Letters: Many reasons why Capital still depends on the buses

WELL, now we know. Princes Street is just a giant bus station, a supposed expert tells us (News, December 30). David Sim of Gehl Architects says the area is underperforming and wants us to switch from the bus to the bike or our own two feet.

Mr Sim may not understand, but there are basic reasons why Princes Street, to him, resembles a bus station.

Edinburgh relies heavily on its buses. Commuters and visitors do not currently have the option of the tram (will they ever?). Edinburgh, unlike other cities such as Glasgow, is built on terrain unsuitable for the construction of an underground system.

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Getting about by bike is a nice idea in principle, but do most of us really fancy half-killing ourselves going up the city's many hills? And then there's the wind, the rain and the cold, in case Mr Sim has missed them in his study.

Finally, cars. Remember them? Those were the vehicles many of us used as our preferred choice for commuting before car-haters at successive councils drove us out of our vehicles by making use of them in the city so awkward and expensive.

So buses will be a common sight in the city centre for many years to come.

Gordon Walker, Portobello High Street, Edinburgh

Electricity imports are not possible

CLARK Cross concludes that Scotland must be relying on French nuclear power (Interactive, December 29).

In fact, because Scotland exports about a quarter of its electricity, it is impossible to import any, not even from England.

However, I agree that it is time to invest in our own nuclear plants, to keep the lights on when the existing power stations are decommissioned. Renewables will never accomplish this.

Steuart Campbell, Dovecot Loan, Edinburgh

Nation has plenty left in the tank

A STUDY published by Aberdeen University has shown the next three decades could see 12 new oil and gas fields developed in the average year.

It suggests a conservative estimate of the oil price at $70 per barrel over coming decades could unlock the development of 365 new fields. A more optimistic oil price of $90 - it is currently above that price - would mean more than 500 fields.

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The study highlights that roughly a third of the oil and gas potential under UK waters still remains to be extracted.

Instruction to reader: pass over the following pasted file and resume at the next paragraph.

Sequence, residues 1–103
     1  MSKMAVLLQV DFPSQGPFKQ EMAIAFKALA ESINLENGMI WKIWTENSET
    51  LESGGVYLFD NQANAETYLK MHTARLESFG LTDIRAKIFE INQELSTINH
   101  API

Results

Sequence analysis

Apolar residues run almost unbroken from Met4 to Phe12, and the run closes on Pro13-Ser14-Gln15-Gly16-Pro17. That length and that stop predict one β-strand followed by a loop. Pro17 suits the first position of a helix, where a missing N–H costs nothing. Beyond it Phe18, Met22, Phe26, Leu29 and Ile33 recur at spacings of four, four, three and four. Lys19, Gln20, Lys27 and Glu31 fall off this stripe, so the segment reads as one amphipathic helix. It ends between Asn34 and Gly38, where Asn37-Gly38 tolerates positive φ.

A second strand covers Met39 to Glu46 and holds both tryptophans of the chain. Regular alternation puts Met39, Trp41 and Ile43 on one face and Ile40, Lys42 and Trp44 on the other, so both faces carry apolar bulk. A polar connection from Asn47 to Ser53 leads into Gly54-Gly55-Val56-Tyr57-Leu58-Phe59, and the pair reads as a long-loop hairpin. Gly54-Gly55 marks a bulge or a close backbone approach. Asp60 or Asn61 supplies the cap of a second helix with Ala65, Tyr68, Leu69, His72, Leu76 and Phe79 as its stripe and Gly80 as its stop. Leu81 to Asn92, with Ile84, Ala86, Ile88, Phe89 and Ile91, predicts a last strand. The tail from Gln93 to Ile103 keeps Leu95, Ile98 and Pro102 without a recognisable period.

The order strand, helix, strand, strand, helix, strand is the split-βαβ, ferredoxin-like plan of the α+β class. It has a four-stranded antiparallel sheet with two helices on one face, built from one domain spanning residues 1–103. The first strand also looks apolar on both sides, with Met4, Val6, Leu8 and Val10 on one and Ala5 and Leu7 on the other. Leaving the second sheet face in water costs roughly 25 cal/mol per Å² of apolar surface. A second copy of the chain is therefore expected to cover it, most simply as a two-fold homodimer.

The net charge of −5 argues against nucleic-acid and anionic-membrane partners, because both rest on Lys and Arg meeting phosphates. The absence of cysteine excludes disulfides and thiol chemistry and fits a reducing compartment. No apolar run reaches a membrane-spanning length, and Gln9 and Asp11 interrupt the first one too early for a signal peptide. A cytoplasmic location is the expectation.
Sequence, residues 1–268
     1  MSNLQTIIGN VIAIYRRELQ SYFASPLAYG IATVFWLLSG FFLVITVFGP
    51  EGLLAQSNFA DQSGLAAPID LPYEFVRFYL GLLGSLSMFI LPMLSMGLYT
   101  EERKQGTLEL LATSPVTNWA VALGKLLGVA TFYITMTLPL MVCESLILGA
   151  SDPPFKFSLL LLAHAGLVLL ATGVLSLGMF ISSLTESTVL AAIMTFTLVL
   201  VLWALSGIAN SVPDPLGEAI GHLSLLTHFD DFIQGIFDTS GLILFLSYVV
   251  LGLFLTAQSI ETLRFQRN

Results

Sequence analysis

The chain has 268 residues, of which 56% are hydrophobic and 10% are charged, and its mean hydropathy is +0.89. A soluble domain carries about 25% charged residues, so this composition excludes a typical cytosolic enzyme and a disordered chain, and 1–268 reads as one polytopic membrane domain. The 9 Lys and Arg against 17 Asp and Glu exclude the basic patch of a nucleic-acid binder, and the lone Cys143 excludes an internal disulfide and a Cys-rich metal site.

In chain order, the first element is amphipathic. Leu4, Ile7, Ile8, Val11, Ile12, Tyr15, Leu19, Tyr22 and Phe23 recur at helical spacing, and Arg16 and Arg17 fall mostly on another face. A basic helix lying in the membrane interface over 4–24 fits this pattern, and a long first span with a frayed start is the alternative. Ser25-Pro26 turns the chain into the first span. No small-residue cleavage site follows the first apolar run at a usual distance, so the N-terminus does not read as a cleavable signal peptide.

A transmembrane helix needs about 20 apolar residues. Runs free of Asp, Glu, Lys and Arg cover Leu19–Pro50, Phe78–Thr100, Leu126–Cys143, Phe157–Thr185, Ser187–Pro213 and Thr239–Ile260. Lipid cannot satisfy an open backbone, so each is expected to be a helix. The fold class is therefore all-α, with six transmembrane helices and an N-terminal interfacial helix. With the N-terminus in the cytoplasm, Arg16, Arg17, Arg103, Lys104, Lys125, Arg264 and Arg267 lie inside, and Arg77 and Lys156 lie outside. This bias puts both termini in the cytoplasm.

Such figures show the tremendous potential and opportunities Scotland has to offer in the energy sector, not only in oil and gas, but also in the renewable energy revolution.

That is why this year and the forthcoming elections are so important, with the opportunity to gain economic independence and control which will enable us to mobilise these great resources, generating growth and wealth for our own economy.

Alex Orr, SNP Lothians candidate, Leamington Terrace, Edinburgh

Usual suspects in the gongs gang

WITH the New Year's honours list being announced and the usual suspects rewarded for simply doing their highly paid jobs, isn't it time to call a halt to this charade for the privileged?

The chief executive of BA gets a knighthood, presumably for taking on the trade unions, or was it for mis-handling the snow debacle that left customers stranded or, as seems more likely, was it just for being "one of the boys" who has a job that comes with the obligatory honour?

Centrica's boss is knighted, presumably for maximising the profits his company has squeezed from recession-hit customers faced with fuel bills fully hiked with alacrity when wholesale prices increase, but only - eventually - partially reduced when they fall.

I know there's the usual token real honours handed out, but aren't the vast majority just doled out to the chosen ones simply doing their highly paid jobs?

Except the perennial one. There's still no Brucie bonus.

Jim Taylor, The Murrays Brae, Edinburgh